10. Peri-operative treatment of anaemia in major orthopaedic surgery: a practical approach from Spain. (United States)

    Bisbe, Elvira; Basora, Misericordia; Colomina, María J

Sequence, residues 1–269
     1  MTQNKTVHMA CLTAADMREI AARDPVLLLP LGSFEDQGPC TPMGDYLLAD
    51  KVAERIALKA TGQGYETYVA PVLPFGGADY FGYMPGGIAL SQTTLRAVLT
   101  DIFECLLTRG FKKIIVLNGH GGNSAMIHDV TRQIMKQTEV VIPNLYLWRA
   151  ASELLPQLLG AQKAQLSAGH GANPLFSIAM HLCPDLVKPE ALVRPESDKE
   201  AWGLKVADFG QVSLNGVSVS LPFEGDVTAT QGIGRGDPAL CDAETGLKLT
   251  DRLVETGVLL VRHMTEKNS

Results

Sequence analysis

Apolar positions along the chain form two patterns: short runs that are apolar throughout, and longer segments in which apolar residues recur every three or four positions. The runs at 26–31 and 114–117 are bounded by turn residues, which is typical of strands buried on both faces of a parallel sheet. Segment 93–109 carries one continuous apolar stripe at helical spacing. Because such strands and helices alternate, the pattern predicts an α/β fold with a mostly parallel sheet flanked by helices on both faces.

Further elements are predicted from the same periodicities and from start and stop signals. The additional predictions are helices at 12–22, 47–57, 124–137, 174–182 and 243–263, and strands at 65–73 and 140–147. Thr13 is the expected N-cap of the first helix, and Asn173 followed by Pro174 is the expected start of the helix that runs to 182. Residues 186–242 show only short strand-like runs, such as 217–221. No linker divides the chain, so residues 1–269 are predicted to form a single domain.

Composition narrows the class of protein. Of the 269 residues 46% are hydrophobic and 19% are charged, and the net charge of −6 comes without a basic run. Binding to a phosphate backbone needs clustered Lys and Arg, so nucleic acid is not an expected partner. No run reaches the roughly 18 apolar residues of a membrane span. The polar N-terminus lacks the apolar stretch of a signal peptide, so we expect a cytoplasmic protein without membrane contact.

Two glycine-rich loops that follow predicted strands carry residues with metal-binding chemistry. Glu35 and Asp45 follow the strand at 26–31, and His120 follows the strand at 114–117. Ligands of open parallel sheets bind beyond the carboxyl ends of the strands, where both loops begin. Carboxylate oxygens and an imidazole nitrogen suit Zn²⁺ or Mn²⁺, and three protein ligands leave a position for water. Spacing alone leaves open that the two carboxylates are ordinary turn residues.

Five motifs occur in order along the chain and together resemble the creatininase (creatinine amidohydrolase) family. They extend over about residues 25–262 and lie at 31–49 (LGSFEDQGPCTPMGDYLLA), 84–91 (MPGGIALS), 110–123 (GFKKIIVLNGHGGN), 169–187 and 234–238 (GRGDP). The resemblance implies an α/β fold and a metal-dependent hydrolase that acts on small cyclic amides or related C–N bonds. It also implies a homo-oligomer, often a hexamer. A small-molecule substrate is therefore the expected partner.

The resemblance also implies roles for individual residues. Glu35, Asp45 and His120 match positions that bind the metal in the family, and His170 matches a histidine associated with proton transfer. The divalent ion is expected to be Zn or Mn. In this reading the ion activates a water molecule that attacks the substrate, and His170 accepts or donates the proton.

In patients undergoing major orthopaedic surgery, pre-operative anaemia, peri-operative bleeding and a liberal transfusion policy are the main risk factors for requiring red blood cell transfusion (RBCT). The clinical and economic disadvantages of RBCT have led to the development and implementation of multidisciplinary, multimodal, individualised strategies, collectively termed patient blood management, which aim to reduce RBCT and improve patients' clinical outcome and safety. Within a patient blood management programme, low pre-operative haemoglobin is one of the few modifiable risk factors for RBCT. However, a survey among Anaesthesia Departments in Spain revealed that, although pre-operative assessment was performed in the vast majority of hospitals, optimisation of haemoglobin concentration was attempted in operative haemoglobin levels, in order to minimise the risk of patients requiring RBCT. To this purpose, after reviewing the diagnostic value and limitations of available laboratory parameters, we developed an algorithm for the detection, classification and treatment of pre-operative anaemia, with a patient-tailored approach that facilitates decision-making in the pre-operative assessment. We also reviewed the efficacy of the different pharmacological options for pre-operative and post-operative management of anaemia. We consider that such an institutional pathway for anaemia management could be a viable, cost-effective strategy that is beneficial to both patients and healthcare systems.